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The Two Versions Of DRACULA


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For those interested in the '31 Dracula (or the whole Dracula mythos in general), I highly recommend reading the book Hollywood Gothic by David J. Skal.  Skal produced the making-of documentary on the Universal DVD, and in his book he explores the entire history of the Dracula story from Bram Stoker's novel to its adaptations for stage and the Universal films (Spanish version included).  It's a pretty fascinating and complicated story, in many ways more interesting than the film itself.  He details Florence Stoker's (widow of Bram) near decades-long battle to suppress the illegally made Nosferatu as well as her ongoing struggle to maintain ownership of the story, which actually led to the Universal film being so far removed from the novel (due to complicated copyright issues, the studio had to buy the rights to the stage adaptation rather than the novel itself).  He also provides a lot of biographical information about the cast and crew of both the English- and Spanish-language versions, much of it gathered first-hand through interviews with survivors at the time the book was published (early 90s).

Bravo Feego, I was just going to recommend this book.  It is an engrossing read beautifully illustrated with many fascinating photos.   I bought it when it first came out and I have read it at least four or five times.      I can not recommend this book highly enough. 

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Yeah, I had met Mr Skal last year (along with Sarah Karloff) at a horror convention. He headed a talk on the history of horror films and broke them down into groups; haunted house, supernatural (ghost/demon), the animal, the enemy within (conflict) stories. I really like those categories.

I've wanted to get his books, but prefer buying them used. He agreed with that, being a starving artist himself!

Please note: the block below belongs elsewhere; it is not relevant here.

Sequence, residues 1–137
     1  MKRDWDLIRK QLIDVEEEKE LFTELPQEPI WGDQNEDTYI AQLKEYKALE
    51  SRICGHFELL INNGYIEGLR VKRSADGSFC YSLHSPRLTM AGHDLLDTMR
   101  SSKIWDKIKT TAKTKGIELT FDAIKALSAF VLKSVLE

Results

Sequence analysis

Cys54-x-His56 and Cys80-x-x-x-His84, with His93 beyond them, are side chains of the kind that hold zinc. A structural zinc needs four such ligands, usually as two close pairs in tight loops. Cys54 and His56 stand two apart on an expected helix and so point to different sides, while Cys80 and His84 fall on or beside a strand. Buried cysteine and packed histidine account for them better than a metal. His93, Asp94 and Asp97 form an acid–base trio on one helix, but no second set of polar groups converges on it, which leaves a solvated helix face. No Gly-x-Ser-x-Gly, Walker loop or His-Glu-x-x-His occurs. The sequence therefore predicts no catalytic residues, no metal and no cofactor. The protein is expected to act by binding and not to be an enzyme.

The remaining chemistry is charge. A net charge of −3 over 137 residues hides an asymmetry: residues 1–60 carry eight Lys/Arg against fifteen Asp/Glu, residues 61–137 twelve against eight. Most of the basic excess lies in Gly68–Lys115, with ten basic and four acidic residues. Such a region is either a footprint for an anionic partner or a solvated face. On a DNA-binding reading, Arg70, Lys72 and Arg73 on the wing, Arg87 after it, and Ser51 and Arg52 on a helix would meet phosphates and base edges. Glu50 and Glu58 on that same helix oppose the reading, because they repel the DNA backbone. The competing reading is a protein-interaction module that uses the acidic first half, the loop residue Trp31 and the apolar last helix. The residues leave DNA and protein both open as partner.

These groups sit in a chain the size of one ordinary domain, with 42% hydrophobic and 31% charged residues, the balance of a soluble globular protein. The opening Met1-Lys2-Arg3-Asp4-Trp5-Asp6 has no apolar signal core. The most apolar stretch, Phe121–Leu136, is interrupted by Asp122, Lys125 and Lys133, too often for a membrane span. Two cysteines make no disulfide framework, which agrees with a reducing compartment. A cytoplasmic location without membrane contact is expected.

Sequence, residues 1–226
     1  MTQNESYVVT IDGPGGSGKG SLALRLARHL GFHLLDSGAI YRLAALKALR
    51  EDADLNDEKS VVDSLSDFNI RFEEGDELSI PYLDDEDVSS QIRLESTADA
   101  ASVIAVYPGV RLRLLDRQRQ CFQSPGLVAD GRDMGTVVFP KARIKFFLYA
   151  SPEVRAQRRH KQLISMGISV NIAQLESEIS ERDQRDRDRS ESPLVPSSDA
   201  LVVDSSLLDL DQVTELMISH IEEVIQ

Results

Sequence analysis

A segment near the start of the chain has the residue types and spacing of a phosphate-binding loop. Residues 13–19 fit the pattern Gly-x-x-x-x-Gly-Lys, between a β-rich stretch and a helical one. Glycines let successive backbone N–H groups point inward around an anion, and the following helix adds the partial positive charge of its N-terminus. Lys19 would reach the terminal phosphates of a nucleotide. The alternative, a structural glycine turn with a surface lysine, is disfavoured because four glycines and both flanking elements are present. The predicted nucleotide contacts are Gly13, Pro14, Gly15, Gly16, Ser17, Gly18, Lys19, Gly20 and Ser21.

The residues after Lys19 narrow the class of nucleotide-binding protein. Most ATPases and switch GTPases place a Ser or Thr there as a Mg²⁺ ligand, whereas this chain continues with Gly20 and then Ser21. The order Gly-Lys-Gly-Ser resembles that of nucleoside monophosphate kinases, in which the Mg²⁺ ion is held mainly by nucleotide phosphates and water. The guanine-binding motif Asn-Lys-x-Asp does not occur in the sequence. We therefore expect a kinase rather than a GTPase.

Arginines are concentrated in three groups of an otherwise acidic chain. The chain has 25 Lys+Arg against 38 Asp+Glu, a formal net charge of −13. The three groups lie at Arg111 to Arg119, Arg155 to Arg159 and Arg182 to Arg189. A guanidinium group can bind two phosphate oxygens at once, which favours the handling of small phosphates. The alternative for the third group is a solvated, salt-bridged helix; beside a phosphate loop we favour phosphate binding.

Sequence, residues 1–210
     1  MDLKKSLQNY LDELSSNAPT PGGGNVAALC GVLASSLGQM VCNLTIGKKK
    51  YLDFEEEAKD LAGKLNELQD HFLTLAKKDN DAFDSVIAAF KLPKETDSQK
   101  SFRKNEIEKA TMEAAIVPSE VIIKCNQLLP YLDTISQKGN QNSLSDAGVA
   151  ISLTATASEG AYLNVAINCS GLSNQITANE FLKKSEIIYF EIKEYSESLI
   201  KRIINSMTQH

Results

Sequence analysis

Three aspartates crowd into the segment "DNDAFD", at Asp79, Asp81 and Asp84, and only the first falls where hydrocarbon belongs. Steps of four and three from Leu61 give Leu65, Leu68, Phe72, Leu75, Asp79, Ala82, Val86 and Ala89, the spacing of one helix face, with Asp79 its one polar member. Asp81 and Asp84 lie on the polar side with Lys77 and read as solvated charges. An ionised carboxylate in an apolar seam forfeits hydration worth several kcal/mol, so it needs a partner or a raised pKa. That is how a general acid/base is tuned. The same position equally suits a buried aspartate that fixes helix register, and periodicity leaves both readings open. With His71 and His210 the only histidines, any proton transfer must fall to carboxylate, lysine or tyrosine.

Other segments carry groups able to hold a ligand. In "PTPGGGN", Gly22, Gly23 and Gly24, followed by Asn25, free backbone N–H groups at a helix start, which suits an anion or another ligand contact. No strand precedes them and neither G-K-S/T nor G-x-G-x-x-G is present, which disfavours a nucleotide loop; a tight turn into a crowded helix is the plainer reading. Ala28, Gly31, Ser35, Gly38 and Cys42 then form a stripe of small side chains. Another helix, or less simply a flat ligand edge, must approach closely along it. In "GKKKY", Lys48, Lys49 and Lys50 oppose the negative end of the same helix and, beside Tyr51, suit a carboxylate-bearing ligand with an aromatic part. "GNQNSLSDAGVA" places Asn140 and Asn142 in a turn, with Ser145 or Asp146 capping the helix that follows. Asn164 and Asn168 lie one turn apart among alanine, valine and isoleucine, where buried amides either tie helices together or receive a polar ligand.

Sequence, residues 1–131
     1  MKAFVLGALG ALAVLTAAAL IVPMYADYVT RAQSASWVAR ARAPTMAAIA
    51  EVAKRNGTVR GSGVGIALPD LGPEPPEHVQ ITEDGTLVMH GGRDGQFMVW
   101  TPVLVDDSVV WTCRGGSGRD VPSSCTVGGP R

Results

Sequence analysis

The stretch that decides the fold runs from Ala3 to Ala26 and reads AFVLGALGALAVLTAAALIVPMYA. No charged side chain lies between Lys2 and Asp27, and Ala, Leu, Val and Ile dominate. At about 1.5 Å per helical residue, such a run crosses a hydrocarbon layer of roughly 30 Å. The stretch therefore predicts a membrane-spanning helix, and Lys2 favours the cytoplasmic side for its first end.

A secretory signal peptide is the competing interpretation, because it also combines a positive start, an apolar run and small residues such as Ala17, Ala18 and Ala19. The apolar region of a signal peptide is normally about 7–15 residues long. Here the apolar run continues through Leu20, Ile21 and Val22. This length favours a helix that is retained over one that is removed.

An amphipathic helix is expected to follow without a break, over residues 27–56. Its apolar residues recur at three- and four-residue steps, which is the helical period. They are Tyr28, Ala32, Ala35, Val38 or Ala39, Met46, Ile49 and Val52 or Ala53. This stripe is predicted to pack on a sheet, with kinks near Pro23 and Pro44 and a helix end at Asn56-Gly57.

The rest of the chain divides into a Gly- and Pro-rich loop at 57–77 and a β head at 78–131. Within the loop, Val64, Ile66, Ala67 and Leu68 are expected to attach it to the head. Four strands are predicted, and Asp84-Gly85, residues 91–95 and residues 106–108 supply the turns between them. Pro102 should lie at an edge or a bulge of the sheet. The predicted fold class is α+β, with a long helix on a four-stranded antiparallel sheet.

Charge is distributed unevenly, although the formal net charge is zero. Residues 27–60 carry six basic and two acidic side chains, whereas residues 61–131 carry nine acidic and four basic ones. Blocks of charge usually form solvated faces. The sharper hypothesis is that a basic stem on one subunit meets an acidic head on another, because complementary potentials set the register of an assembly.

(I also like that 2 posters here have such opposite opinions of the same movie....can't wait to see how the movie effects me!)

 

 

Did'ja notice Lugosi never said, "BLAH!" 
Where DID that come from?

 

My guess is from people imitating his Hungarian accent "blood" as "Blah-d".

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slow day at work, so i was reading up on DRACULA (1931) on wikipedia and found this entry on the (unfortunate) Phillip Glass score:

 

(copy and pasted):

 

In 1998 composer Philip Glass was commissioned to compose a musical score for the classic film. The score was performed by the Kronos Quartet under direction of Michael Reisman, Glass's usual conductor.

Of the project, Glass said:

The film is considered a classic. I felt the score needed to evoke the feeling of the world of the 19th century for that reason I decided a string quartet would be the most evocative and effective. I wanted to stay away from the obvious effects associated with horror films. With [the Kronos Quartet] we were able to add depth to the emotional layers of the film.

 

 

(end quote)

 

The 1931 version of DRACULA IS NOT SET IN THE 19TH CENTURY. THERE ARE CARS AND MODERN FASHIONS. IT IS SET IN (what was at the time) THE PRESENT DAY, YOU COMPLETE KNOB.

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While I can't dispute your closing comment Lorna, I'd only say that Glass, in his usual pretentious way, probably felt that due to the film featuring many amenities that could be considered 19th century( horse drawn carriages, the equal of old west stagecoaches and the like, as well as the Count's anachronistic manner of dress and castle decor) that a score evoking 19th century musical trends may not have been out of place.

 

As I've never really enjoyed any of Glass' work, I really don't care.

 

 

Sepiatone